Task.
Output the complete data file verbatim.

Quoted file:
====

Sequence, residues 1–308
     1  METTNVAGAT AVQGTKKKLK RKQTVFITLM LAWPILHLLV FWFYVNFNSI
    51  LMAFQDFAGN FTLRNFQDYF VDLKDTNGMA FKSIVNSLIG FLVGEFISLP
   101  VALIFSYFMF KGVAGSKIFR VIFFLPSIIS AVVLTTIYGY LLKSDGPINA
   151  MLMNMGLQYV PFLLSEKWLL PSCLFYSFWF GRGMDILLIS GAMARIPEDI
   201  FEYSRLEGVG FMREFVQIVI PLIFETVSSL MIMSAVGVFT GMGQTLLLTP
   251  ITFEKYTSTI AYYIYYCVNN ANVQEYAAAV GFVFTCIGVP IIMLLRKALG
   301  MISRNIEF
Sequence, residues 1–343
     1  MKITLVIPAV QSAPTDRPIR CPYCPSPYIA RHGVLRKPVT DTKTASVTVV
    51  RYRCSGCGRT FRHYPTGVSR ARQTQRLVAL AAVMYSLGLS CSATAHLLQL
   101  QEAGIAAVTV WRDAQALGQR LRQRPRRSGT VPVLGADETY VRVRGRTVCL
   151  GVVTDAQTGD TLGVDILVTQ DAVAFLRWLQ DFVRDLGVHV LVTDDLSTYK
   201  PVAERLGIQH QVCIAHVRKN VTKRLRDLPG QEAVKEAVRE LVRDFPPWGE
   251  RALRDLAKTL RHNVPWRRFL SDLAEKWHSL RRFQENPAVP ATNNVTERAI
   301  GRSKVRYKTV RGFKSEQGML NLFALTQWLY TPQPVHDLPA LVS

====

Sequence, residues 1–308
     1  METTNVAGAT AVQGTKKKLK RKQTVFITLM LAWPILHLLV FWFYVNFNSI
    51  LMAFQDFAGN FTLRNFQDYF VDLKDTNGMA FKSIVNSLIG FLVGEFISLP
   101  VALIFSYFMF KGVAGSKIFR VIFFLPSIIS AVVLTTIYGY LLKSDGPINA
   151  MLMNMGLQYV PFLLSEKWLL PSCLFYSFWF GRGMDILLIS GAMARIPEDI
   201  FEYSRLEGVG FMREFVQIVI PLIFETVSSL MIMSAVGVFT GMGQTLLLTP
   251  ITFEKYTSTI AYYIYYCVNN ANVQEYAAAV GFVFTCIGVP IIMLLRKALG
   301  MISRNIEF
Sequence, residues 1–343
     1  MKITLVIPAV QSAPTDRPIR CPYCPSPYIA RHGVLRKPVT DTKTASVTVV
    51  RYRCSGCGRT FRHYPTGVSR ARQTQRLVAL AAVMYSLGLS CSATAHLLQL
   101  QEAGIAAVTV WRDAQALGQR LRQRPRRSGT VPVLGADETY VRVRGRTVCL
   151  GVVTDAQTGD TLGVDILVTQ DAVAFLRWLQ DFVRDLGVHV LVTDDLSTYK
   201  PVAERLGIQH QVCIAHVRKN VTKRLRDLPG QEAVKEAVRE LVRDFPPWGE
   251  RALRDLAKTL RHNVPWRRFL SDLAEKWHSL RRFQENPAVP ATNNVTERAI
   301  GRSKVRYKTV RGFKSEQGML NLFALTQWLY TPQPVHDLPA LVS